ery, and above all of falsifying the
record. And yet there appears to be
no doubt but that Colonel Roosevelt is
guilty of all these things, and that his
side of these controversies has uttorly
collapsed. It is surely time, that he
removed himself from the public gaze
as an offense to the public conscience,
since his cOntiuued candidacy is a re
proach to tho honest citizenship of the
MORRIS MAKES THEM SQUEAL.
The surprisingly loud an,l long wail
which vas carried iu the Smoot organ
yestcrda' morning directed against
Xephi L. Morris, shows that Mr. Mor
ris .must be doing immense damage to
the Federal bunch. So far as the gen
eral public had observed. Mr. Morris
was conducting a rather quiet cam
paign, without nny specially sensa
tional features, and was doing fair
work for the local Progressive cause,
although, of course, it is impossible to
do much for Roosevelt, because of
Roosevelt's antagonism to our form of
government and his hostility to tho
But. on the local issue. Mr. Morris
was making use of the material which
the Federal bunch had supplied him so
abundantly by its vicious and arbitrary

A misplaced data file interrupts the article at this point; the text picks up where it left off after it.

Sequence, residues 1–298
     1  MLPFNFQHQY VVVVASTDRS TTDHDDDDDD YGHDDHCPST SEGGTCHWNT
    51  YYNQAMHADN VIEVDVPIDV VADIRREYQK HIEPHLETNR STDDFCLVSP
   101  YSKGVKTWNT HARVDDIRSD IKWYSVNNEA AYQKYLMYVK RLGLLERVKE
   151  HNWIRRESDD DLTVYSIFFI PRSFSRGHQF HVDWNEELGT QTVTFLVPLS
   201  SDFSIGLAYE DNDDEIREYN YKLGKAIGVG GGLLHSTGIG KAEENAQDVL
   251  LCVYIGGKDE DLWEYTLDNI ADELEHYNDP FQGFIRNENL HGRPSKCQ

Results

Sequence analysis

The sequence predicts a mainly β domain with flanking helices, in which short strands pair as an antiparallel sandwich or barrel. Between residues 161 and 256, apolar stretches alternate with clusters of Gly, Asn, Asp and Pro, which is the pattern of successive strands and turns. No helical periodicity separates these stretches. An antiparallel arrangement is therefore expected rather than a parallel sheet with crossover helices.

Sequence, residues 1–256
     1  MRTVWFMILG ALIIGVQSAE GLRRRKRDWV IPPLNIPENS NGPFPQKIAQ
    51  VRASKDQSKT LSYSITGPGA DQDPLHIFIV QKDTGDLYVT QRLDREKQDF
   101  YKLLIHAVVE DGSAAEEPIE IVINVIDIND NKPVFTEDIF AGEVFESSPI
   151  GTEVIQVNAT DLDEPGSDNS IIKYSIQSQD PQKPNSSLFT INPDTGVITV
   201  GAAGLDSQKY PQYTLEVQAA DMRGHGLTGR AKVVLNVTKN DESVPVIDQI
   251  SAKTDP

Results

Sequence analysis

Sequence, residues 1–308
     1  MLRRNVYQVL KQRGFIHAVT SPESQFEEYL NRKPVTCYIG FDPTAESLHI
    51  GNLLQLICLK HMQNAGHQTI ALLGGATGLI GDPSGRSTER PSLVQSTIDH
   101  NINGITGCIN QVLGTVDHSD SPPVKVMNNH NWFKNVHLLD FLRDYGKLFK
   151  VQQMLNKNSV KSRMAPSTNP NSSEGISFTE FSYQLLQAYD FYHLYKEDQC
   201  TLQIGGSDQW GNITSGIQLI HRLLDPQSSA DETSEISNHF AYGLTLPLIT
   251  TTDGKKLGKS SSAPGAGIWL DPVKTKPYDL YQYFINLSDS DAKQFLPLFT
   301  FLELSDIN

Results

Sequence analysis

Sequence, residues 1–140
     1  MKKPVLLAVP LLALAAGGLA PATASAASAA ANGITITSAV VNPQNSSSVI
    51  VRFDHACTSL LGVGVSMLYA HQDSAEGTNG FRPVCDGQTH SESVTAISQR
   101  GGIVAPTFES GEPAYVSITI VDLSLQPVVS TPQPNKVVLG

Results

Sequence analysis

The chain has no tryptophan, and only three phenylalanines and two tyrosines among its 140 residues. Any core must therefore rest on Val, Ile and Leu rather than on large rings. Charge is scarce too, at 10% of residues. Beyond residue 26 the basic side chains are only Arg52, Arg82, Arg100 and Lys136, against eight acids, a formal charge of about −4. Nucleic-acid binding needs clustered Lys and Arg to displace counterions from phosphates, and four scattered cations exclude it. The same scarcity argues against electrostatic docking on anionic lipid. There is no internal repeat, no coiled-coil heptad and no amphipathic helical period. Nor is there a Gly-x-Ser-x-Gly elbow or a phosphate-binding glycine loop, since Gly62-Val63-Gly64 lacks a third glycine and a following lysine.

course in this State. Having had
control of everything for mauy years,
the Fcdcrnl bunch now all at once
wakes up to a sonse of tho fact thut
tho people aro deeply discontented
with it, and that its steam roller pro
cesses, both in political campaigns
and in civil administration, arc re
sented ny the public as the most dia
roputablc form of arbitrary govern
ment under proteuso of Republicanism
that was ever inflicted upon a long
suffering people and party. Mr, Mor
ris has emphatically called public at
tention to the miserable work of the
Federal bunch in its administration of
the civil affairs of this State. Ho has
shown that tho people lose and that
favored individuals gain largo profits
through the maladministration of tho
public funds, and through favoritism
in preference for public office and pub
Under iho vicious administrations
controlled In tho Federal bunch, the
people's burdens aro continually in
creased. Mr. Morris has been able to
expose tho utter fallacy of tho claim
that tihe State taxation is reduced,
when, in fact, although there is a de
crease in tho tax rate of half a mill, this
is more than onset by the enormous
inflations of assessed valuations
throughout the Stale, and especially in
Salt Lake City. This city "has been
oppressively discriminated against right
along in tho taxation imposod by the
Federal bunch, but tho impositions of
that bunc,h have been carried to every
county in tho State. The only differ
ence is that it is somewhat worse in
Salt Lako than in other places.
Tho maladministration of tho Federal
bunch agencies has given Mr. Morris a
woapon heavy and kcon, and ho is using
that weapon boldly, skillfully, and
strongly in his addresses to the voters.
Mr. Morris has not created the condi
tions ho complains of, but finds thorn
created by the Federal bunch, and in
pleading for tho relief of the peoplo
from tho injustices, extortions, and tho
vicious administration of tho Federal
bunch, ho exposes with fairness and not